The Appeal from Australian Building Systems Pty Ltd: it appears there is still certainty in death and taxes

Background and first instance decision

Earlier this year we published an article on the first instance decision of the Federal Court of Australia[1] (FCA) which overturned a private ruling of the Australian Taxation Office (ATO) in connection with Australian Building Systems Pty Ltd (ABS), a company in liquidation.

In the application for a private ruling the liquidators had sought answers to the following questions:

  • Is the liquidator required under section 254 of the Income Tax Assessment Act 1936 (Cth) (ITAA36) to account to the Commissioner of Taxation (Commissioner) out of the proceeds of sale, any capital gains tax that crystallises on the sale of an asset that belonged to the company before liquidation?

Answer to Q1 – Yes

  • If the answer to Q1 is yes, are the monies to be retained once an assessment issues?

Answer to Q2 – No

  • If the answer to Q2 is no, are the monies to be retained at crystallisation of any capital gains? 

Answer to Q3 – Yes

At first instance Justice Logan found that the construction of section 254(1)(d) of the ITAA36 accorded with a construction of section 254 favoured by the Full Court of the FCA in Deputy Commissioner of Taxation v Barkworth Olives Management Ltd [2011] 1 Qd R 326 at [29] (Barkworth Olives).  In Barkworth Olives the Court observed that “tax which is or will become due” is “an expression that postulates a degree of certainty about the fact and amount of the tax liability which might not be present before a notice of assessment is served.”  On this reasoning (amongst other things) Justice Logan held that section 254 of the ITAA36 had no application to the liquidators.  They were not, in the absence of any assessment, subject to any retention and payment obligation.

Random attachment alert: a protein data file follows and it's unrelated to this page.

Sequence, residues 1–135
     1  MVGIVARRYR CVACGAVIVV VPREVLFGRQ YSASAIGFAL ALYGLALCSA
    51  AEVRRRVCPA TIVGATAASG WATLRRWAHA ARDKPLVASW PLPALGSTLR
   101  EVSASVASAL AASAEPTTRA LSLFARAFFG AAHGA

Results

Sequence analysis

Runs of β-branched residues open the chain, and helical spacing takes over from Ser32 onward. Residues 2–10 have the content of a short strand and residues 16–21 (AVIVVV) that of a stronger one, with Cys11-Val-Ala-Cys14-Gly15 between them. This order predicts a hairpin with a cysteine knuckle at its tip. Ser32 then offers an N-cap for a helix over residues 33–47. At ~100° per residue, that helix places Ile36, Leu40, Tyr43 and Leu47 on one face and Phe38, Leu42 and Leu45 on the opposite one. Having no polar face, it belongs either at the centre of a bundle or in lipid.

In our earlier article we noted that:

“for the reasons given (by Justice Logan), s 254 does not require retention upon the mere happening of a CGT event, that does not mean that a liquidator is obliged immediately to distribute the resultant gain or part thereof as a dividend to creditors in the course of the winding up.”


Following on from that decision the Commissioner appealed to the Full Court of the FCA.

The Appeal was heard on 20 August 2014 and the decision handed down last week[2], confirming the earlier decision of the FCA.

In a unanimous decision the Court dismissed the Commissioner’s submission that the liquidators’ taxation liability arose on their entry into a contract of sale for property and instead affirmed the trial judge’s view that:

  • no tax liability arose on the entry into of the contract of sale of the subject property in the financial year ending 30 June 2012, either for ABS or, more relevantly, the liquidators;
  • at most, ABS made a capital gain which entered into computation of its net capital gain for the year ended 30 June 2012 (which could not be determined until the end of that year of income);
  • the most that could be said is that on 30 June 2012, ABS had an obligation to pay income tax in the future;